Reviews of Chris Thile's Mandolin Concerto
September 18, 2009 at 5:27 PM
It looks like Chris Thile's Mandolin Concerto "Ad astra per alas porci" is getting a positive reception, and since we featured the interview with him several days ago, I thought you might be interested in the reviews coming out of his first performance of the piece Thursday in Denver with the Colorado Symphony (and there are two more performance of it in Denver on Saturday and Sunday) :
Kyle MacMillan of the Denver Post writes in his review: "...in assessing this work, it is better to set aside the mandolinist's star status in the bluegrass world and think of him as an up-and-coming classical composer with almost unlimited potential. The 25-minute piece would have been an admirable accomplishment for anyone. But considering that the mandolinist is just 28, is not classically trained and has never written an orchestral work before, it is nothing short of astounding."
I also received a link from Denver composer Chip Michael wrote a review in his blog: "While you might have expected something bluegrass given Thile’s background in the bands Nickel Creek and The Punch Brothers, his music was completely immersed in classical style. The opening of the piece quickly had his fingers flying across the fret board of the mandolin, while the orchestra created a series of rich colors and washes behind him."
Chip called this the "world's first mandolin concerto," I'm not sure about that, could it be?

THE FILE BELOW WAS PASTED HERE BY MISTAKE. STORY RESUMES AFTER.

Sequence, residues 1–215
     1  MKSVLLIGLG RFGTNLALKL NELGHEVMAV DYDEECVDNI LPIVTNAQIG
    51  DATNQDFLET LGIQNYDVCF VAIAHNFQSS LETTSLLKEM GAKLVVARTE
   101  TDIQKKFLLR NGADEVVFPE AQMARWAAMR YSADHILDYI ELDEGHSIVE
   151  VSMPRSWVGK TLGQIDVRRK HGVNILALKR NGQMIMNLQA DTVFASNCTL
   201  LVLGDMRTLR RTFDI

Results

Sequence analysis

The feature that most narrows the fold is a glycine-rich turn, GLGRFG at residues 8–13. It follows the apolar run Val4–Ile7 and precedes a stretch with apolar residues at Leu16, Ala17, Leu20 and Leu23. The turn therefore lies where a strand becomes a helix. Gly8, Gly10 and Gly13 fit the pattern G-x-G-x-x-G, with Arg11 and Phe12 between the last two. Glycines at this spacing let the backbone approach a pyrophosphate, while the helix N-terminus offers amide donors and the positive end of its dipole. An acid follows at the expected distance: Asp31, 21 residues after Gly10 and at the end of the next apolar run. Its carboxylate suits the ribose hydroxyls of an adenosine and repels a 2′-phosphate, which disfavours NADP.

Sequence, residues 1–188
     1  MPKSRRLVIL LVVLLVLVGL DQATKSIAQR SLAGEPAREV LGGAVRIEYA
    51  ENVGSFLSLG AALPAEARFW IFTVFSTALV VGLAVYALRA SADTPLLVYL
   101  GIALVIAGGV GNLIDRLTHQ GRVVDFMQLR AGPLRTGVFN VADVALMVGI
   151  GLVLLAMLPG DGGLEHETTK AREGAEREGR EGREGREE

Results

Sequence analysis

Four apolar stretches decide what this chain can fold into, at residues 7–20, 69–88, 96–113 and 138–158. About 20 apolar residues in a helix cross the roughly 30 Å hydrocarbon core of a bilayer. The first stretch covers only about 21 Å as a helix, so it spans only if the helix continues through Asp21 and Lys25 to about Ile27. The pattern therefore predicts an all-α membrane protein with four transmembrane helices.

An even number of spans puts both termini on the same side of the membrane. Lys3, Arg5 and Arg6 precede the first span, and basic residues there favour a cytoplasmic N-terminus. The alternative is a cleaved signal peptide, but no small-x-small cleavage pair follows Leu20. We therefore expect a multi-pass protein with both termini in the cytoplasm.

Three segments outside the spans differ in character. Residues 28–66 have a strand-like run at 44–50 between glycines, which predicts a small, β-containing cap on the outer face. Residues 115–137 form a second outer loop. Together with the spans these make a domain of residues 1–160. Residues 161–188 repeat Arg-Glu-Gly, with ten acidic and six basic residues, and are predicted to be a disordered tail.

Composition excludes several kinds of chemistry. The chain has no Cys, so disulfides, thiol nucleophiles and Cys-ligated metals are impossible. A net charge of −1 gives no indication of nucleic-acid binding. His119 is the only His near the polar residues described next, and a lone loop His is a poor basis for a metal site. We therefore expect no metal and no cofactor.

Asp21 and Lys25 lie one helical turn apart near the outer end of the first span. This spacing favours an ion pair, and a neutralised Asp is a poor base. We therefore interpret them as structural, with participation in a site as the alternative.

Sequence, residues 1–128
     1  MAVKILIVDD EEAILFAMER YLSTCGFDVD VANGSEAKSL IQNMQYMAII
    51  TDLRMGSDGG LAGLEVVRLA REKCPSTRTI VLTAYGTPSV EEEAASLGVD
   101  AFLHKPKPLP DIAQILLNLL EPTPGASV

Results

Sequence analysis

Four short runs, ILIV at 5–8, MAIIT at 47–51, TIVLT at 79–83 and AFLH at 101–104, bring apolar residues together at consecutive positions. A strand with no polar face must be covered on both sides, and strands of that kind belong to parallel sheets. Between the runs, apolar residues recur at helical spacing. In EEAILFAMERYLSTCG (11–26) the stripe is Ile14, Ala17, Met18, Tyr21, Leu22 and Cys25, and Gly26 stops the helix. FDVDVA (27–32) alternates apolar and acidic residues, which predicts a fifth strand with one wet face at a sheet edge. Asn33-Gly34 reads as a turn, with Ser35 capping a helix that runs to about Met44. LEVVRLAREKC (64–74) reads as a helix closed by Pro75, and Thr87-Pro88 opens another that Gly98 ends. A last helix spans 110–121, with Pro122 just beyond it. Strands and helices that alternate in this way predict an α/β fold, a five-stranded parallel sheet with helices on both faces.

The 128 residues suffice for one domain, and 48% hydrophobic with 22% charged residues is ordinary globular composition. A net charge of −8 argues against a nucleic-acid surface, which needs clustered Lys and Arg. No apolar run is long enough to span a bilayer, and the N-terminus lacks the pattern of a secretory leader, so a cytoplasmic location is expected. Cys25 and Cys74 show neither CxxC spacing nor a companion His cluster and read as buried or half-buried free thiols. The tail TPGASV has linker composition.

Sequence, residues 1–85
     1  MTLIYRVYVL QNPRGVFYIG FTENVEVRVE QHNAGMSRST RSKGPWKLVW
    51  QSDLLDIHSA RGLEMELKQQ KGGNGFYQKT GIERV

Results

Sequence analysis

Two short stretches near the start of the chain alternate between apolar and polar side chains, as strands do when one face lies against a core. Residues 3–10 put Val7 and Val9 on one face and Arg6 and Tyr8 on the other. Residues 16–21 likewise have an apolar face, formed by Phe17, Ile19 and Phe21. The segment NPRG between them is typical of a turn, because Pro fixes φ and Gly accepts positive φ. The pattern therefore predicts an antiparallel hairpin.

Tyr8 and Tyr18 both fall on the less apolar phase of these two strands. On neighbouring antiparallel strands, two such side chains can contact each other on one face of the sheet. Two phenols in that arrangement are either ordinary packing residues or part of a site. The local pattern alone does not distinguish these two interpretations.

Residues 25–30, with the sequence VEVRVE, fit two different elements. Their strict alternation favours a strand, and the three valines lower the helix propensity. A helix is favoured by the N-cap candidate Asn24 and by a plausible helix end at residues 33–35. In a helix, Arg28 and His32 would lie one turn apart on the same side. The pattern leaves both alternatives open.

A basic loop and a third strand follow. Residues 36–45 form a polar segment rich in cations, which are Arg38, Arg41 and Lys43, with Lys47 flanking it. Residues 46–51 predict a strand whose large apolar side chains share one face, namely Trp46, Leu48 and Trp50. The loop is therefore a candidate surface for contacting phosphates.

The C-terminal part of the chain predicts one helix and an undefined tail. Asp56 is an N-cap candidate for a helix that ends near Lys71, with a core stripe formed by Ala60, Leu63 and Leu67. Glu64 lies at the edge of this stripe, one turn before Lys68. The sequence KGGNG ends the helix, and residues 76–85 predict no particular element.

Was anyone else there at the premiere? You comments are welcome, or links to other reviews.
I plan to attend the performance in LA, after which you will all hear from me as well!
Added Sept: 23:
From Erin Rushforth
Posted on September 18, 2009 at 7:35 PM
Thanks, Laurie. I'm excited to hear this new work some time. As far as being the first mandolin concerto, what about the Vivaldi Mandolin concerti?
From Laurie Niles
Posted on September 19, 2009 at 2:58 AM
I figured there had to be some!
From Pauline Lerner
Posted on September 20, 2009 at 3:09 AM
Vivaldi wrote a
This entry has been archived and is no longer accepting comments.
Gil Shaham talks with us about the staying power of Bach, the agility of Baroque bows, the appeal of fast tempos, and more.
Laurie Niles is from Pasadena, California. Biography
Please consider supporting Violinist.com by becoming a sponsor, and reaching our dedicated community of violin professionals, students and fans!